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ENGR 111 Lecture 4 Reading: Chapters 19, Class notes

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Lecture 4: DC Fundamentals Review of Last Class: More/less electrons => Charge Potential charge difference results in charge flow or current Potential charge difference = voltage Different materials offer different resistance to current Voltage V(volts), Current I (Amperes), Resistance R (ohms)

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Water Analogy Charge flow through a wire similar to water flow in a pipe Harder to push water through a thinner pipe (smaller current, higher resistance) For water to flow, there has to be pressure difference at ends of pipe Voltage has to exist across a wire for current

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Some basic laws (Kirchoff) Kirchoff’s Current Law (KCL): Current flowing into and out of a node should be equal Conservation principle

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Kirchoff’s voltage Law Voltages around a closed circuit should sum to zero When you come to the same point, voltage difference should be zero Start End V1 V2 V3 V4 V5 V1 + V2 + V3 +V4 + V5 = 0

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Ohm’s law relates resistance, voltage and current V = I * R Higher resistance, need higher voltage for the same amount of current to flow Water Analogy, higher pressure at ends of pipe, higher flow of water Ohm’s Law

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Resistors Connected in series I I R1 R2 KCL => current entering R1 must leave R1 Current entering R2 = current leaving R1 V1 = I * R1, V2 = I *R2 V = V1 + V2 = I * R1 + I * R2 = I (R1+R2) = IR Resistors in series R = R1 + R2

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Resistors in Series 100 ohms in series with 100 ohms = 200 ohms equivalent resistance 100 ohms in series with 1 ohm = ? 101 ohms from the calculator 100 ohms taking significant digits into account Resistors are calibrated to 5 or 10% accuracy 100 ohms in series with 100 ohms = ? 100 ohms in series with 1M ohms = ?

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Resistors in Parallel The current gets divided among the two paths. KVL tells us V = I1 * R1 = I2 * R2 KCL => I = I1 + I2 = V/R1 + V/R2 = V (1/R1 + 1/R2) I = V (R2 + R1)/R1R2 V = I (R1 * R2)/(R1 + R2) Equivalent Resistance R = R1 * R2/(R1 + R2) Easier to Remember 1/R = 1/R1 + 1/R2 Voltage across the two resistors must be equal. R1 R2 I I1 I2 I

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Resistors in Parallel 100 ohms in parallel with 100 ohms 1/R = 1/100 + 1/100 = 2/100 = 1/50 R = 50 ohms, Resistance is smaller!! Water Analogy, two pipes in parallel, more opportunity for water to flow, less resistance 100 ohms in parallel with 1000 ohms 1/R = 1/100 + 1/1000, R = 90.90 = 91Ω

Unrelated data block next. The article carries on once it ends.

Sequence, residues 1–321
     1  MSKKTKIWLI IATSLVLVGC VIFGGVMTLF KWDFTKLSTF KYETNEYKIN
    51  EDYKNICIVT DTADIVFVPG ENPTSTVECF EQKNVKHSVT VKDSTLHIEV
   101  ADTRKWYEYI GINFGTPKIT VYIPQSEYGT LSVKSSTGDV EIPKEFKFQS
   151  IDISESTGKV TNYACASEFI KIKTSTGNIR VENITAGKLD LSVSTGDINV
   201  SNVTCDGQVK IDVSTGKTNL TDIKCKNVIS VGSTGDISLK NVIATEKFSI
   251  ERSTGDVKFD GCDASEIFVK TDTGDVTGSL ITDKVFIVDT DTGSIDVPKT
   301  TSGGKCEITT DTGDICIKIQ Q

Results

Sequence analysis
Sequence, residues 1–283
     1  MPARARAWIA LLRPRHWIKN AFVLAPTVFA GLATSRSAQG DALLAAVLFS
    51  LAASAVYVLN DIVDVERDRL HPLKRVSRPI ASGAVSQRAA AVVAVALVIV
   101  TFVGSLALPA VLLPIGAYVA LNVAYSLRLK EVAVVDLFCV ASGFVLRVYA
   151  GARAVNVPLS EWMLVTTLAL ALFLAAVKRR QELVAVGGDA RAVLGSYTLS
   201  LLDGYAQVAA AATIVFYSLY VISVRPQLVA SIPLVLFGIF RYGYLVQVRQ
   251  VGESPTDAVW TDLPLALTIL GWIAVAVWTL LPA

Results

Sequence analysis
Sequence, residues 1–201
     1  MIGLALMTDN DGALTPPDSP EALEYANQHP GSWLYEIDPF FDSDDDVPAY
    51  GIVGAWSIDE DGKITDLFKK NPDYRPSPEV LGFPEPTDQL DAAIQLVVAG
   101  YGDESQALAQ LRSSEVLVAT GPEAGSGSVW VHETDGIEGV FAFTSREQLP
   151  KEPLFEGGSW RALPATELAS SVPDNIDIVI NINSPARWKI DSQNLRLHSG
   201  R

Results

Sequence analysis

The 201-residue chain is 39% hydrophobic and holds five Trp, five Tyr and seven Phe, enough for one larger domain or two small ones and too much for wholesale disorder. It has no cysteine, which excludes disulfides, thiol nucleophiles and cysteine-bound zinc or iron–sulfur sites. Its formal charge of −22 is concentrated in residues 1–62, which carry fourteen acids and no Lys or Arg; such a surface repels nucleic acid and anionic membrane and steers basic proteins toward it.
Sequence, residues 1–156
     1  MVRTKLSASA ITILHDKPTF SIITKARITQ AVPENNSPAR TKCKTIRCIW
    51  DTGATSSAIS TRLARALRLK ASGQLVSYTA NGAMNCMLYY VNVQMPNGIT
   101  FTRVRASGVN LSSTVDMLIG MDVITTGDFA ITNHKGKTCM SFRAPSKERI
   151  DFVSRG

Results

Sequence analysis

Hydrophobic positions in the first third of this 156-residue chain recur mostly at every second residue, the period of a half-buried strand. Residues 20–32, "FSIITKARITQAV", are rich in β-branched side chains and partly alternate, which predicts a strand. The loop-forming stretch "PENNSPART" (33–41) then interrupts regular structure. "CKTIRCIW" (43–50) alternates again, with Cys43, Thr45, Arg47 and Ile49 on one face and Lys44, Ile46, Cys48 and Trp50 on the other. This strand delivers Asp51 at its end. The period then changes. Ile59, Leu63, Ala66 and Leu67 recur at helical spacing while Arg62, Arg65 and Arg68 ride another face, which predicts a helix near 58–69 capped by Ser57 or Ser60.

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Voltage Dividers Resistors in series provide a mechanism The resistors determine the output Voltage KCL says same current in R1 and R2 Vout = V1 * R2/(R1+R2)

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Current Dividers Resistors in parallel provide a mechanism The resistors determine the current in each path I1 * R1 = I2 * R2, I2 = I1 * R1/R2 I = I1 + I2 => I1 = I * R2/(R1+R2) I I1 I2 R1 R2

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Example Dividers Given 10V, Need to provide 3V, how? Resistors in Series R2/(R1+R2) = 3/10, choose R2 = 300 KΩ R1 = 700 KΩ Why should R1, R2 be high? What happens when we connect a resistor R3 across R2?

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Example Dividers Want to divide current into two paths, one with 30% --how? Resistors in parallel R2/(R1+R2) = 0.3, Choose R2 = 300 KΩ R1 = 700 KΩ Why should R1, R2 be high? What happens when we connect a resistor R3 in series with R2?

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Summary Ohm’s Law V = I * R KCL/KVL and Ohm’s law allow us to compute equivalent resistances Resistances in series R = R1 + R2 Resistances in parallel 1/R = 1/R1 + 1/R2 Resistances in series => Voltage Dividers Resistances in parallel => Current dividers

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Example 1: KVL & Ohm’s Law

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Example 2: Resistors

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Example 3: Resistors

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Example 4: Voltage Divider

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Example 5: Current Divider

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